When storms cause `endemic creep'

 

Two years have passed since the infamous and tragic Christmas storms. There were two, you may remember, that followed identical paths - one, the more severe, on Christmas Eve 1997, and a second on Christmas Day.

Both moved from Galway Bay towards Belfast, and then across Scotland and on towards Scandinavia. They brought winds that gusted to more than 100 m.p.h, many violent thunderstorms to help the wind cause havoc with the electricity, and personal tragedy in the form of injuries and even death.

There were other costs as well. The insurance companies claimed to have incurred liabilities of some £38 million on foot of damage caused by the 1997 Christmas storms.

And Coillte, the Irish Forestry Board, calculated that some 360,000 cubic metres of timber, or something like half a million trees, were either snapped or blown over.

Depressions as intense as these are not unusual. Many appear in the North Atlantic every year, but they become noteworthy as far as Ireland is concerned only if they pass close enough to cause destruction.

During the summer months, they tend for the most part to follow a track that takes them well to the north of us, but the preferred path of wintertime depressions lies very close to Ireland - so winter storms of this ferocity are not a rarity.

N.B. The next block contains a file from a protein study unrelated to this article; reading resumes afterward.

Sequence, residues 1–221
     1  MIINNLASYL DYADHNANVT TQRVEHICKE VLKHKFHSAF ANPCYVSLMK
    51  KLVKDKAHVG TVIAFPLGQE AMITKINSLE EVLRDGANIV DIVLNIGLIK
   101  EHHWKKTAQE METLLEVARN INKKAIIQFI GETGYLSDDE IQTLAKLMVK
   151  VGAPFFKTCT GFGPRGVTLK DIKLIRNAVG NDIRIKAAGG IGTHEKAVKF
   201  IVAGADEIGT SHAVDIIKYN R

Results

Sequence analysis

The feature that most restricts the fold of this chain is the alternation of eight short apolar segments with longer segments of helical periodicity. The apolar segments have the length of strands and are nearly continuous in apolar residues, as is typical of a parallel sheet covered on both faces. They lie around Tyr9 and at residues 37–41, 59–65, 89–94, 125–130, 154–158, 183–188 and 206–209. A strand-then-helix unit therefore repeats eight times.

Based, naturally enough, on its experience with trees, Coillte estimates damaging storms seem to happen every 10 to 15 years, with very severe ones every 30 or 40 years or so.

The worst this century, as far as tree damage was concerned, was on February 26th-27th, 1903. There were other comparable events in 1936 and 1955, and in 1957 some 280,000 trees were destroyed in January and February storms.

By 1974 Coillte had progressed to measuring trees in cubic metres, and in a major storm that year 374,000 of these cubic metres were destroyed - more than 1 1/2 times the usual annual timber harvest.

There have been one or two nasty blows since, notably in 1976, when 134,000 cubic metres were blown down, and again in 1990. The loss in an average year, apparently - that which foresters rather nicely call "endemic creep" - is usually fewer than 100,000 cubic metres, or some 9 per cent of annual harvest.

And then, as we have seen, there was 1997. The Christmas storms were not as bad as those of 1974, but the winds were particularly vicious in the vicinity of Cork where 250,000 cubic metres of timber, about 70 per cent of the total loss, were destroyed.